These dogs help those with many conditions including epilepsy, cancer, PTSD, arthritis and learning difficulties. Surely it’s better to spend a few measly millions training these dogs and helping people live normal, for want of a better word, lives than it is to spend billions trying to run after people who could be helped with a simple dog. Lest we forget that dogs are one of the most popular pets in the UK, is it such a stretch of the imagination to have those same dogs not just licking toes and stealing treats but also picking up shoes, retrieving phones and opening doors?

Please, for the sake of this countries people, and its sanity, do a little searching.


3 thoughts on “Service dogs and their work. Neither of us can take credit for their work!

  1. I may not be from the UK, but I’ve known several people who have trained their own service dogs. I’m working on getting my own, but even in the US, getting a service dog isn’t cheap. Depending on the program you go through, it can cost you $20-40,000. That’s not exactly something most of us have sitting around for a rainy day. For some of us, like those with anxiety, it’s really hard to get funding because the disability isn’t physical, and it doesn’t come with the pop tag line of the year, “autistic child”. As an adult with anxiety, it’s been a trying process. The people who seem to have it easiest are veterans, as they can just apply to any number of places and instant dog. Well, maybe not instant, but it’s far quicker than for the rest of us.

    I think this is a huge subject and I really think everyone the world over needs to be more educated about it. It’s something that needs to be done to help so many people. It could mean people who can hardly leave their home may be able to work on being productive members of society, or at the very least, able to take care of themselves. It’s one of the reasons I’m working on fund raising to get and train my own dog…I want to be able to get out and do things I need to every day, not just on the days where I can actually leave the house. It makes a huge difference, but it’s definitely not an easy process no matter where you go. That needs to change.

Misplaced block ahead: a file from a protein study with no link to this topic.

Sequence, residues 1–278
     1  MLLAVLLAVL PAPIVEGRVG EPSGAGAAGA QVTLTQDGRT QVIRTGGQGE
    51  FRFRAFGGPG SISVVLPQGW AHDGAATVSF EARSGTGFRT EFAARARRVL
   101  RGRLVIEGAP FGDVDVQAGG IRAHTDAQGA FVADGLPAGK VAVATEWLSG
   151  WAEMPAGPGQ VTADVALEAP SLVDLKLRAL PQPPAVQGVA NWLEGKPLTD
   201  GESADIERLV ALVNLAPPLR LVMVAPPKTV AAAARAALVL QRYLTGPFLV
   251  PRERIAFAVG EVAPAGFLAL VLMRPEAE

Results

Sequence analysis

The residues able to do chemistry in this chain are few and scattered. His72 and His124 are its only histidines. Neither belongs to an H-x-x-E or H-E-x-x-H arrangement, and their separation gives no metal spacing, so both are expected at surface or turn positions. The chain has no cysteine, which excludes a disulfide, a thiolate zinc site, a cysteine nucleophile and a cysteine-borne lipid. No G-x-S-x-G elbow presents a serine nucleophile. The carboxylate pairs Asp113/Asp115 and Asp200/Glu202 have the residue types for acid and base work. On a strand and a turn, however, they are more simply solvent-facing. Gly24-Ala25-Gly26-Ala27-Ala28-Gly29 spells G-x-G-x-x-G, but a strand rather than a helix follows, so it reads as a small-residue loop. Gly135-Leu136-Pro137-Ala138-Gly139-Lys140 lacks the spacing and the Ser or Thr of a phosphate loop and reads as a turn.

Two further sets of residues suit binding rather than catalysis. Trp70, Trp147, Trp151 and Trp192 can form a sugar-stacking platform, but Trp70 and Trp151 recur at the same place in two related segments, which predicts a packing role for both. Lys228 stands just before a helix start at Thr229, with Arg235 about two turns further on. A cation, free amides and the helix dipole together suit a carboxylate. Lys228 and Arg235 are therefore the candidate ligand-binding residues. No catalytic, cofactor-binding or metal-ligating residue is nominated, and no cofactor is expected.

• Thank you for taking the time to read this. I can understand your case, and I wish you all the luck in the world with your work and life. I would suggest contacting PAWS and even possibly Lisa Edwards herself, as she may have some advice. I think she’s in Ohio, but as far as I’m aware, she is trying to extend her training programme and system as far as possible, which I believe is commendable.

      Good luck with everything.

      • I’ll definitely check it out, and thank you! It’s certainly been a journey! I’m just happy to see that people are generating some buzz for these programs and getting word out there. With how many people can be helped with the inclusion of a dog in their life, it’s totally worth considering on a wider scale.